Tuesday, June 27, 2006  06 Blog Home ~ Last year’s travel-blog ~ http://neuage.org/05.htm ~ Previous thingy


We thought we had enough of the old stuff and decided to see how the rest of Istanbul functions.


Took a bus into the ‘new area’ then a subway to some large modern shopping centre. We are consumers at heart. I know I would prefer a Walmart to bartering any day though Narda likes the barter world.


They have a short subway here – I think it was six stops on one line for the whole system. Quite a production. New York City should have this much precaution; bags get scanned and checked, we have to walk through an airport type scanner and past the bored looking police clutching their machine guns. After all there is a world war happening though I think we forget at times. The subway is clean and we get off at the stop in the midst of a shopping centre and we go through scanners and checks to enter. There was nothing special about the place, it was very Western, not many people and it was huge. There were the movie theaters (the Di Vinci Code is playing which seems out of place here) prices are higher than in New York. We had coffee that cost twice as much as our little backpacker type area in the old section where we live, and with our coffee in the old section we got cake too for half the price of the shopping centre. Narda got headphones for her iPod and that was it. We did check the shoe sales but there was nothing worth adding to our collection (well one of our collections and it ain’t mine). On the way back to the bus after going through all the scanners to take the subway I was hustled into getting a shoeshine. I thought it would be one or two lyres but the boy, on summer holiday and last claiming to have had a shot at the eighth grade where he had learned enough English to want to polish shoes, wanted, firstly 50 then 15 lira (about $8 US) and I said no way and thought to offer him ten which was still to much. He was not happy with that but fortunately Narda had my wallet and was in the nearby post office so I went to get her and explained the situation and said I would give him ten. Narda said “no way” and she gave the boy a strong speech (talk about a scolding from a school teacher) and the poor chap was really quiet and looked embarrassed and Narda gave him five and sent him off with a “that is much more than you should get”.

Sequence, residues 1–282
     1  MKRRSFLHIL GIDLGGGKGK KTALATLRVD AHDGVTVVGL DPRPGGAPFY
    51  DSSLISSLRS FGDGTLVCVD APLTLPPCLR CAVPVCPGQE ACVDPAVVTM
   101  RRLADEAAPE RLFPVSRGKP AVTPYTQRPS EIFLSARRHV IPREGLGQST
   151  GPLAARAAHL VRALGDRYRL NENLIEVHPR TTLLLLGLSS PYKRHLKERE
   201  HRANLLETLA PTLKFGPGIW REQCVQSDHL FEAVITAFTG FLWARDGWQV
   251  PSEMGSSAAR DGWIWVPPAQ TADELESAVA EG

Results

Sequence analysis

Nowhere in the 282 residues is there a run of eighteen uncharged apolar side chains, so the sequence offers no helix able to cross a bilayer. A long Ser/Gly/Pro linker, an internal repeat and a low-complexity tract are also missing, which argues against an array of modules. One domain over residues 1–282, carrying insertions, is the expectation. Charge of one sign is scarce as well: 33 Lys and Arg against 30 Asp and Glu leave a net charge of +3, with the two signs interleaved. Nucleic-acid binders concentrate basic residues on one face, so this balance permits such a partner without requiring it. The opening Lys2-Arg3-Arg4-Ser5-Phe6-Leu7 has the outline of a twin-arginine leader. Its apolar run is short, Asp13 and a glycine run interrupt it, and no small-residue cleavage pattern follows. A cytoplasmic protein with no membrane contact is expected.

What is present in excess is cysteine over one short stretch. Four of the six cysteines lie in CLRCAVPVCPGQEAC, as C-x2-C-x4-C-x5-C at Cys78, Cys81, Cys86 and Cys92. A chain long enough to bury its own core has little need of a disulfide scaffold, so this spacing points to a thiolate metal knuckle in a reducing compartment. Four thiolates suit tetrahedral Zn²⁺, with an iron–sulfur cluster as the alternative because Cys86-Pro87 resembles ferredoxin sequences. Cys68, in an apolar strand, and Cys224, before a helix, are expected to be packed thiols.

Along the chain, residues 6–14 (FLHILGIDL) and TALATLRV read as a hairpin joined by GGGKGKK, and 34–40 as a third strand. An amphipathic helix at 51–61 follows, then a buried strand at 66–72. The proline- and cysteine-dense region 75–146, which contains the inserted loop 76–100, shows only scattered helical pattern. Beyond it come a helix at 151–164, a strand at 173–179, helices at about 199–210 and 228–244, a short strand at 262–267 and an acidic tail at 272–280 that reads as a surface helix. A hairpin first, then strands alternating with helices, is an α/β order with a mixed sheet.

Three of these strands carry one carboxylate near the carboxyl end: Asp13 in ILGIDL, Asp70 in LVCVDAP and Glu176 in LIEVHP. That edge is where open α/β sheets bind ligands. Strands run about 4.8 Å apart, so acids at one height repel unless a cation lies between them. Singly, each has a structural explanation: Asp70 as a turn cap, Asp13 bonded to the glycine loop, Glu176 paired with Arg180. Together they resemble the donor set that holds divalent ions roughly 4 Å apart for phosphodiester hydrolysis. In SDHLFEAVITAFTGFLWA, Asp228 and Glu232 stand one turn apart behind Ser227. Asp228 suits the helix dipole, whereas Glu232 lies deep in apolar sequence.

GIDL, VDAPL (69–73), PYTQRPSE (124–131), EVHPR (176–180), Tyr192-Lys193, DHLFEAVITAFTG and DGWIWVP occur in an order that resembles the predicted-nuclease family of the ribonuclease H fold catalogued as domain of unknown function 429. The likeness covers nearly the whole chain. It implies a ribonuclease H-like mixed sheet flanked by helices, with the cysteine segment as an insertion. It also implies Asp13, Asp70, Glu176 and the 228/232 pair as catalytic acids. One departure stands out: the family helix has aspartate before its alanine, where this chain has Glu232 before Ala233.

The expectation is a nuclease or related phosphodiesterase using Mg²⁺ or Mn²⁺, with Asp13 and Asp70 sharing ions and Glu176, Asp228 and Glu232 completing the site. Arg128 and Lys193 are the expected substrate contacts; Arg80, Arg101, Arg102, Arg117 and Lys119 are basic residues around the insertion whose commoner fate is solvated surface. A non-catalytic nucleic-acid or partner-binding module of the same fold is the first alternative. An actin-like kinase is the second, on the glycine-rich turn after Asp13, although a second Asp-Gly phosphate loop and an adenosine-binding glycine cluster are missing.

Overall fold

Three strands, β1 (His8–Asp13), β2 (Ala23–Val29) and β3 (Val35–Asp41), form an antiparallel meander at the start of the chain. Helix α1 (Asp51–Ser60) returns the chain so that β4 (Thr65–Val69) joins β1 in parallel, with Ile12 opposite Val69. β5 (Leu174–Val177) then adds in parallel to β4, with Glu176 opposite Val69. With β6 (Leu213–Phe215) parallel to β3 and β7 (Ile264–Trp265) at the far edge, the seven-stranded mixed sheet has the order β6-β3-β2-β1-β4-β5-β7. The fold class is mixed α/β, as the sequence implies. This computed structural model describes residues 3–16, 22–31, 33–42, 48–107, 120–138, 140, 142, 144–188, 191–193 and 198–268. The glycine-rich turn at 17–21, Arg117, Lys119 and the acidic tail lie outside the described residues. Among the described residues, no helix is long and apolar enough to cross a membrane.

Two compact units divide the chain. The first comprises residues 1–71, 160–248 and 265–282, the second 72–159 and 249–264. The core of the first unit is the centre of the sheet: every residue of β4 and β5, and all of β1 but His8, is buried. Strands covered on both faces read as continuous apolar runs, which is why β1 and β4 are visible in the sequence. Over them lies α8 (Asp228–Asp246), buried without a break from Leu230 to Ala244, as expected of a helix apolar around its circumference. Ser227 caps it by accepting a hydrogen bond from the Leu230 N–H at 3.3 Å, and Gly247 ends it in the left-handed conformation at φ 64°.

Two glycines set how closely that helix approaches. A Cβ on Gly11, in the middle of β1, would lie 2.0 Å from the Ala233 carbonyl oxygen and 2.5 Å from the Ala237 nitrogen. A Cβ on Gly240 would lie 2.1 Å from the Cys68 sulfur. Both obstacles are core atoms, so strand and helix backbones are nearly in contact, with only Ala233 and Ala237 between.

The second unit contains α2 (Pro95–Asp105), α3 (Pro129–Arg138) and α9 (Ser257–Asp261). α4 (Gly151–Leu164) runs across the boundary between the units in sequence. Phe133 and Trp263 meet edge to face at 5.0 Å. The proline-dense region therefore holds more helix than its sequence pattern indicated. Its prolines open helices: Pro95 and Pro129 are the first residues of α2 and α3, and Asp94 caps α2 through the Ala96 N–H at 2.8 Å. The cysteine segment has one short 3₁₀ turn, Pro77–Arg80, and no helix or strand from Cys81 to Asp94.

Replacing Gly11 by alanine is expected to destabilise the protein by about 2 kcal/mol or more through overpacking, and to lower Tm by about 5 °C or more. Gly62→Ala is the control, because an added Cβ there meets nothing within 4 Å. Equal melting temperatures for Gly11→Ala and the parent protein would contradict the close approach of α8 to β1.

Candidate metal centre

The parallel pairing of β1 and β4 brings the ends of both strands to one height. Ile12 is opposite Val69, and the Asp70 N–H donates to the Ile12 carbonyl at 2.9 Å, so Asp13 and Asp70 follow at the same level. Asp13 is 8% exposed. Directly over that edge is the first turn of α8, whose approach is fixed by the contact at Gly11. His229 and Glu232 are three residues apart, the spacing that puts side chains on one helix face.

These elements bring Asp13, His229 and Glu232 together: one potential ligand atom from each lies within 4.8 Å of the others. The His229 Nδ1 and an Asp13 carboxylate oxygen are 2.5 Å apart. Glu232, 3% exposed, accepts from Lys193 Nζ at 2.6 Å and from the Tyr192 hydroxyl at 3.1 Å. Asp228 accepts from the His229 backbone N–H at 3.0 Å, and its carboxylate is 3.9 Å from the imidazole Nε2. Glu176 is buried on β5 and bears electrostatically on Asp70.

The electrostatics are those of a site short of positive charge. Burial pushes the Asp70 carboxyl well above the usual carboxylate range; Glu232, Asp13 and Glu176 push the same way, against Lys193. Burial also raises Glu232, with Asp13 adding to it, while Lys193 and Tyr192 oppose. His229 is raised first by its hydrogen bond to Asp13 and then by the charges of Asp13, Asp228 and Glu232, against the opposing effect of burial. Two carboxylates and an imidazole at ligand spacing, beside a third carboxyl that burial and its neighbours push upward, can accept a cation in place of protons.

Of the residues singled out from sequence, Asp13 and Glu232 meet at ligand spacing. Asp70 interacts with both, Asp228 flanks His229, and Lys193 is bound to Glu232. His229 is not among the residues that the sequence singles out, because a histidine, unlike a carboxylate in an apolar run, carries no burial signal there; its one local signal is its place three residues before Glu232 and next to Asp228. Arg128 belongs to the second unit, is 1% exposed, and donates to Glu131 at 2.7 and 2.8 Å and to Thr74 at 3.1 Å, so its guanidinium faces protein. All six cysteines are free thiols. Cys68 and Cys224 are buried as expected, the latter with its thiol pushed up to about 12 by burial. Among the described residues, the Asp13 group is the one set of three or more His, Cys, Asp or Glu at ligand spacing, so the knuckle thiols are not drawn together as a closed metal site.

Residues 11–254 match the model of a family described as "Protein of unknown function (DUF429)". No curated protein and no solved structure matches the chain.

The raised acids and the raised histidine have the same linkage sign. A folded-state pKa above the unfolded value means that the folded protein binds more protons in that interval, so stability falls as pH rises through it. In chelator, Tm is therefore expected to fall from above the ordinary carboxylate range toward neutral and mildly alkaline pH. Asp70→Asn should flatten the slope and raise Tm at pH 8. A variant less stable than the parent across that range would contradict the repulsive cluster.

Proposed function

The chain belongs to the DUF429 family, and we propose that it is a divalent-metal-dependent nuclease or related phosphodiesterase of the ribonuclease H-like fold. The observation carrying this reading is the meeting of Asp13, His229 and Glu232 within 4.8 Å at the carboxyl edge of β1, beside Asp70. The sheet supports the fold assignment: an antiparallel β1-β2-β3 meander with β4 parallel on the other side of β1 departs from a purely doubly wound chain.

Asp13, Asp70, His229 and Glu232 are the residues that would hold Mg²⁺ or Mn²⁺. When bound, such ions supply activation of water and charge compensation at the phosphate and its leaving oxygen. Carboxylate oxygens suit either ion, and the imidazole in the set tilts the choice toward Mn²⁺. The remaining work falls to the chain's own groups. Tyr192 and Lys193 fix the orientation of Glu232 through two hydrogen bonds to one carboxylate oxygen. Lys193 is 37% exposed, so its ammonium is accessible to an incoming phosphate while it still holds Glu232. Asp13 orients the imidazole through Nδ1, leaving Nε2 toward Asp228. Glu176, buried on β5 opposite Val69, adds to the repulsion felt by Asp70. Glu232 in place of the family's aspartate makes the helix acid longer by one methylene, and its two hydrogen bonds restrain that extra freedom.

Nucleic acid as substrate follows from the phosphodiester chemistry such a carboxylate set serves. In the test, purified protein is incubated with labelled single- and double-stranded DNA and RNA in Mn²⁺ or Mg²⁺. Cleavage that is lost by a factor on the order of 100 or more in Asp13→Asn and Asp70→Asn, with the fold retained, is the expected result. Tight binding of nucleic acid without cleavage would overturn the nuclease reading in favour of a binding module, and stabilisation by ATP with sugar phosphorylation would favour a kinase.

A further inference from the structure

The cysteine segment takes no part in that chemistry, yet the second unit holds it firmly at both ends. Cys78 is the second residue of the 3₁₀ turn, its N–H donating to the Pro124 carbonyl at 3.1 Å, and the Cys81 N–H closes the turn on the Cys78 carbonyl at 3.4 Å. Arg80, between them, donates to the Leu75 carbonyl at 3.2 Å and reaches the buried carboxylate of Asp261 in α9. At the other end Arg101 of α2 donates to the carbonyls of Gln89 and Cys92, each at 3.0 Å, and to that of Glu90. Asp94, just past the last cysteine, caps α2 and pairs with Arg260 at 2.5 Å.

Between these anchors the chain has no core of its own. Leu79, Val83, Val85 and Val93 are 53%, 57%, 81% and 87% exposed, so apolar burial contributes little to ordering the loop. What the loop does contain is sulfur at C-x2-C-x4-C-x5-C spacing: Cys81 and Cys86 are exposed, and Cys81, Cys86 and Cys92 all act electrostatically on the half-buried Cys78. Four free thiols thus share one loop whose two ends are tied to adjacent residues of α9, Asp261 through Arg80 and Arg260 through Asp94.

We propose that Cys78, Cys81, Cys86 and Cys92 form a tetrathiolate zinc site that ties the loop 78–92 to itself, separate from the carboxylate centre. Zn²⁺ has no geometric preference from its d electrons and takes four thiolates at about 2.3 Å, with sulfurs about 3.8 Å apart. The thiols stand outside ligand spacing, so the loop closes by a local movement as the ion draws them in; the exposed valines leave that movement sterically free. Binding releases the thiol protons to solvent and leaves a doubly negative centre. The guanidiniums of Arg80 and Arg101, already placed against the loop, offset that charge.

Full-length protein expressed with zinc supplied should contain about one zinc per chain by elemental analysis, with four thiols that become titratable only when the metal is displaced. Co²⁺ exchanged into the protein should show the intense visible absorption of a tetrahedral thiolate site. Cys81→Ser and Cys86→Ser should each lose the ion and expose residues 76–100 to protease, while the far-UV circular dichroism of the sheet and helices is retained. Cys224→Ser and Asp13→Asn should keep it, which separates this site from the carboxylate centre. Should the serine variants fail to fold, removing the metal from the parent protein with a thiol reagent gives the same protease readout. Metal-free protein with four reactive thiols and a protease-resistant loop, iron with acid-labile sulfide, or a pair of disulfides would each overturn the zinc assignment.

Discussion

Back home, in our little section that we are really feeling at home in we got a seat in the street in front of a large TV and watched the Australian vs. Italy game with lots of other Australians. There were two large Australian flags on the outside wall (there was no Italian representation). It seemed like a good game. After thirty years of trying to get into the World Cup here was Australia in the second round facing Italy. They controlled the game, had possession for most of the game and it got to full time at 90 minutes with no score and five minutes was added on. As the five minutes wound down to the last seconds an Italian player tripped and fell over an all ready down Australian player and the Italian was awarded a free kick. The free kick was meters in front of the goal, the Australian goalie did not stand a chance. Then it was over and everyone, even the Italians seemed stunned. There was not the immediate jumping around as one does when they kick a goal. It was really a hollow victory. Everyone knew that it was a bad call and with the replay it was obvious the Italian player never touched the Australian but tripped over his own feet.